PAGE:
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Technique Feature: Work on Skills in the Big Boats
April 10, 2018
Charlotte Hollings, Calm Waters Rowing

After what seemed like a never-ending winter, spring seems to have arrived on the east coast. Before you get too many miles in under your belt, make sure you're getting in good technique and ingraining good habits. Water temps are still low enough that probably few of you are getting out in your singles. Take advantage of this opportunity - however forced - to go out in big boats and work on skills and drills that you might not feel comfortable doing in a small boat, especially this time of year.

One habit I try to instill in every single sculler is to get comfortable sitting at the catch with the blades squared and buried. Once you're able to do this, make it your automatic starting point whenever you start from a dead start. Many scullers are not comfortable doing this in their single, so practice it in a double or quad.

There are so many reasons I advocate this habit, starting with getting the correct grip. As you're sitting with the blades squared, make sure your wrists are flat, that only your fingers have contact with the oar and not with the palm of your hand, as in the photo at the top of this article.

With the correct grip, it's harder to over grip which is particularly easy to do when the water is cold and the wind picks up and you start to feel a little tippy. Use the relative stability of a bigger boat to consciously relax your grip and really hang from the fingers rather than clutching the oar handle. The correct grip will help you to connect to the lat muscles whereas, when you over grip, tension ends up in the shoulders and traps.

Another benefit to starting from the catch is that you can check the depth of the blades and the relative height of the hands. The blades should sit just below the surface of the water then stay at that depth throughout the drive. You need to know just what height the hands should be to keep the blade at the right level. If the arms are stiff and elbows locked, the connection will be to your shoulders, a point much higher than your hands, helping to drive the oar deep. With relaxed elbows, the elbows stay at the height of your hands and you'll be better able to pull horizontally, keeping the blade at the correct depth.

If you're having trouble with blade depth, have some fun in the big boats by rowing one at a time in the 2x or 4x and letting the oars float through the drive. Lift your fingers off the oar and simply hover your hands just above the oar handle. Look out of the boat and see just where the blades float ON THEIR OWN. They want to be at this depth, you need to relax and allow this to happen, don't fight the oars.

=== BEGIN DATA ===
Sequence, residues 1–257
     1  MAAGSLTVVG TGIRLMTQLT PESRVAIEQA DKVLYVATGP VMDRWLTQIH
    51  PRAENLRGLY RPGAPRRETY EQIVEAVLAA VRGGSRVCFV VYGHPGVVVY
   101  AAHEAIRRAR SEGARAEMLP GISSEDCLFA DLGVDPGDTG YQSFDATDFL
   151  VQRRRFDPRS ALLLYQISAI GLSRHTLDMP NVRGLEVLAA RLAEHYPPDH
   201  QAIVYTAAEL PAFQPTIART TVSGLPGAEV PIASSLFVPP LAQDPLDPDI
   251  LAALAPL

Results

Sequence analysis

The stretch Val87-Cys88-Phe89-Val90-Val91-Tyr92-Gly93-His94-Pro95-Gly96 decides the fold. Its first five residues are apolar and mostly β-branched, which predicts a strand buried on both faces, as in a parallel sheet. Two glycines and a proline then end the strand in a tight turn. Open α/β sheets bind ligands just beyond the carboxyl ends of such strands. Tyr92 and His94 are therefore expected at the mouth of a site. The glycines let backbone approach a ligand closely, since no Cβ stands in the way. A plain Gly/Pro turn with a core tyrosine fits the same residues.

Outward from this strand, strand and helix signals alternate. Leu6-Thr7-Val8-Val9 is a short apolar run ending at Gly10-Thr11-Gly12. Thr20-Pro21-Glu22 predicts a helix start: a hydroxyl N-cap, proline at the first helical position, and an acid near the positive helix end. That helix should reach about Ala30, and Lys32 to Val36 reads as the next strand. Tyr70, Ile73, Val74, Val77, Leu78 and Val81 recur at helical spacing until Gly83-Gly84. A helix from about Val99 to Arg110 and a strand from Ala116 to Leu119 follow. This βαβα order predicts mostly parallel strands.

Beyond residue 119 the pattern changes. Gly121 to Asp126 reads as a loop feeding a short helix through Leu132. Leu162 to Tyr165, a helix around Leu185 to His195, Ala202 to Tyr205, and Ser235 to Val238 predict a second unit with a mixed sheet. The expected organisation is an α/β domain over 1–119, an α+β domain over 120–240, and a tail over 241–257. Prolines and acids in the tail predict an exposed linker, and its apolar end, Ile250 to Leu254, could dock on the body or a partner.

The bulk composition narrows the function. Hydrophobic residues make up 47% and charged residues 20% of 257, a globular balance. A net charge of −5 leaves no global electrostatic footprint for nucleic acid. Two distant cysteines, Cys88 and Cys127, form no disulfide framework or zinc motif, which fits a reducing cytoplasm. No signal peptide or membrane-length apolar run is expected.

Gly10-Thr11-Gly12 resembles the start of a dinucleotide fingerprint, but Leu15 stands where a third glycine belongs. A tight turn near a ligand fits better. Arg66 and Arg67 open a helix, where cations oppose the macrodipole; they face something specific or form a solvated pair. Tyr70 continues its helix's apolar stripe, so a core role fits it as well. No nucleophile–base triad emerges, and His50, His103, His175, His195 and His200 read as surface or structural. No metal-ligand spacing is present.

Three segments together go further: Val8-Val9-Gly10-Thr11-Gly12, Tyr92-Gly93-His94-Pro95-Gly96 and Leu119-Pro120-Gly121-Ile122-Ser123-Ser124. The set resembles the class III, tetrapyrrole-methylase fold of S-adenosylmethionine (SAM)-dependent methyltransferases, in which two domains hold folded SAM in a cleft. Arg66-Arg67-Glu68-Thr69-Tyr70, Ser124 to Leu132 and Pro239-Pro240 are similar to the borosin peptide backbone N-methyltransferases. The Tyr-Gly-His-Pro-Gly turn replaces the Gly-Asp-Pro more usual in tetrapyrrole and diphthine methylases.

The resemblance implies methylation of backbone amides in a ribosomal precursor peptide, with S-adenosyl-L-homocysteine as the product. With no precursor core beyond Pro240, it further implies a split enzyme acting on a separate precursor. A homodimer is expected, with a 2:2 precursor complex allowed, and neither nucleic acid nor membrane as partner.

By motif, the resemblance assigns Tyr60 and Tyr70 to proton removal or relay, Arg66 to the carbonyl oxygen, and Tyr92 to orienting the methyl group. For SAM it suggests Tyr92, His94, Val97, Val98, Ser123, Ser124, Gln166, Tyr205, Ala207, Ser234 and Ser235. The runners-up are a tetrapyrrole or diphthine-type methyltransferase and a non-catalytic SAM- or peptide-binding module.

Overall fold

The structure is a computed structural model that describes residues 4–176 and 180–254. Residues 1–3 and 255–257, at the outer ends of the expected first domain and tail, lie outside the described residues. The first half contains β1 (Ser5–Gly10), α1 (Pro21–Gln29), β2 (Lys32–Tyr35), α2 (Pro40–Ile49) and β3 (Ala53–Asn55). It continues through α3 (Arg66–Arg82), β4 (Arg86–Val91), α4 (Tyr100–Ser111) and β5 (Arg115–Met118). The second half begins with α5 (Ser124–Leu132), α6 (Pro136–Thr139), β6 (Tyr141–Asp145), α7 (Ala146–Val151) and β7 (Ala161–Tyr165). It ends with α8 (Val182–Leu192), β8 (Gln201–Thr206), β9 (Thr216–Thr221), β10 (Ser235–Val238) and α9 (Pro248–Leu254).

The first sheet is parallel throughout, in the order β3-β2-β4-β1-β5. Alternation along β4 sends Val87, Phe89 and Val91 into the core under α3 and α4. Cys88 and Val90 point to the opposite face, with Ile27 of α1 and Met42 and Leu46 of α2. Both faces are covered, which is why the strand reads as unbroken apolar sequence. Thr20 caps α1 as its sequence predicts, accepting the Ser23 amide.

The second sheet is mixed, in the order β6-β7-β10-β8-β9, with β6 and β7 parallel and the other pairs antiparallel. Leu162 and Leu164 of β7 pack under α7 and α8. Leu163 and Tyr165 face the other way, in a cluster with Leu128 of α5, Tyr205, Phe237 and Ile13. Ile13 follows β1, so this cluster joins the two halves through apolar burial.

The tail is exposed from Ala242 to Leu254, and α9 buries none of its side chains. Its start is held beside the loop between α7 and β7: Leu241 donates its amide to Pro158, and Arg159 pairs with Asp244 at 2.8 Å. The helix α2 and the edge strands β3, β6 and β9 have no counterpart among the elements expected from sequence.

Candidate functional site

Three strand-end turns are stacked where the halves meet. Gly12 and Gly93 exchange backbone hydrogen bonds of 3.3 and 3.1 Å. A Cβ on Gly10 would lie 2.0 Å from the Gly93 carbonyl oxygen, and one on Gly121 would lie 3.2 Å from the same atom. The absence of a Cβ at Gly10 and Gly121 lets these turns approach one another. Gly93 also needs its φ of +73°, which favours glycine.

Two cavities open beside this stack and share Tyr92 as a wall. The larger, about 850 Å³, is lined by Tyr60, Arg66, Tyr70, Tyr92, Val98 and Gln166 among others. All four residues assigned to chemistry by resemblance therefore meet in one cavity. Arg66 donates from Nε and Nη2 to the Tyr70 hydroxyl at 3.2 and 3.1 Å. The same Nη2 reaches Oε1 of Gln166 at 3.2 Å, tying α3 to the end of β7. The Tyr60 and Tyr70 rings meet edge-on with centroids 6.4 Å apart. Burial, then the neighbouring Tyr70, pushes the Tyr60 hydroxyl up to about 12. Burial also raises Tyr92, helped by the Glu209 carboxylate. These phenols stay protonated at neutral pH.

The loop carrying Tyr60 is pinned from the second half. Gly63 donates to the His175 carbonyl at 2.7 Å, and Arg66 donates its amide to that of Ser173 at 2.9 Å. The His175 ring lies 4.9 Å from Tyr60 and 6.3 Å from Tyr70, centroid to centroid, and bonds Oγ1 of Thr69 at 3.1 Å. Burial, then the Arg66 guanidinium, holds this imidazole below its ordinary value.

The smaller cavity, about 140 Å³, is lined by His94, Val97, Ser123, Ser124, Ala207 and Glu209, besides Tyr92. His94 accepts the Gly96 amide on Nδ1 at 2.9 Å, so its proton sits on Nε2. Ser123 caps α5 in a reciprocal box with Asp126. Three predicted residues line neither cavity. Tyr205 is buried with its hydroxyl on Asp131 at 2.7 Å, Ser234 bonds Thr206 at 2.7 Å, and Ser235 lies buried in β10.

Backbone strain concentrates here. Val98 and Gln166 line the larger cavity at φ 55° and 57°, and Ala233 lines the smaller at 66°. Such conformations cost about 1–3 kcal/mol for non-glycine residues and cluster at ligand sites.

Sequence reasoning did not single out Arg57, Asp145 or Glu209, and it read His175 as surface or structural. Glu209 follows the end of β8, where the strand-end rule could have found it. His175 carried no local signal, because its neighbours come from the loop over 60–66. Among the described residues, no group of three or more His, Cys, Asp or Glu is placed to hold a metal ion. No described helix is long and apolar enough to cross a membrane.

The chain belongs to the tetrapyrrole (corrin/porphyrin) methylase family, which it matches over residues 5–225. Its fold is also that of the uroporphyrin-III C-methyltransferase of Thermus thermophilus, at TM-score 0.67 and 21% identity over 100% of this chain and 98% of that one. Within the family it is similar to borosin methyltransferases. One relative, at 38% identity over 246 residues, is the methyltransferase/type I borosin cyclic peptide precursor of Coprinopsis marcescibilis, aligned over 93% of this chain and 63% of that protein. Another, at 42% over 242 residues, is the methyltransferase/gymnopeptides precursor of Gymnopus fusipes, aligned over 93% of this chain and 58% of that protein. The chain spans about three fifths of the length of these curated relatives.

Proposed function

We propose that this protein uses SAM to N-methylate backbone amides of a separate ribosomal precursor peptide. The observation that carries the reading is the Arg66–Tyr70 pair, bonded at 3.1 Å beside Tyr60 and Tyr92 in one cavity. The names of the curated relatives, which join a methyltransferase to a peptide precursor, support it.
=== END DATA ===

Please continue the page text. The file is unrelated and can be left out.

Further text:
When starting from the catch position, you're starting the stroke cycle at the beginning of the drive; the catch is already completed. See how smooth you can make that initial drive - don't kick or slam the legs down. With the blades already in the water, you should feel an immediate connection when you drive. Can you make the next stroke feel the same way? Think catch first, then drive.

One drill to work on this is the finish-to-catch drill, another tricky drill in the single, so again, try it in the bigger boats with one or two people setting the boat. Sit at the finish and then in one fluid motion move to the catch. Our mantra is "body-slide-catch", not "arms-body-slide". Move directly to the water, making the catch the last part of the recovery not the first part of the drive.

The idea then is to essentially make every stroke a finish to catch drill. This should lighten your catches, helping to keep the blades from going deep and, in the process, reduce check.

Hopefully the water will warm up quickly and we'll be back in our singles, rowing better and cleaner than ever. Until then, be safe and take advantage of those big boats.

(This article is addressed primarily towards scullers. If you are a sweep rower, everything still applies but think pair for single and 4 or 8 for 2x and 4x.)

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Log in to comment
04/12/2018  2:16:48 PM
From Valery Kleshnev's studies and from videos of Olympic winners, blades go deeper than "where they float." Most of us, me included, are taught to row light. Wrong.

04/19/2018  3:36:21 PM
Responding to carlozezza comment, a deeper draw will decrease slippage of the blade through the water (and decrease the related cavitation behind the blade) which will increase the efficiency of the blade -- however, a deeper draw is more likely to cause problems around the backend.

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